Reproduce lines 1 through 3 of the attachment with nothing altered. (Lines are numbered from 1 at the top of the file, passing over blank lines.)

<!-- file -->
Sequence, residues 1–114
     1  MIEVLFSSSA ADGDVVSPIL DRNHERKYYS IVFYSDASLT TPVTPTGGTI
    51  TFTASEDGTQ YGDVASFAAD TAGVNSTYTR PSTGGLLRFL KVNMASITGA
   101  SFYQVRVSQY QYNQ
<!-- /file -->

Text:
Sequence, residues 1–114
     1  MIEVLFSSSA ADGDVVSPIL DRNHERKYYS IVFYSDASLT TPVTPTGGTI
    51  TFTASEDGTQ YGDVASFAAD TAGVNSTYTR PSTGGLLRFL KVNMASITGA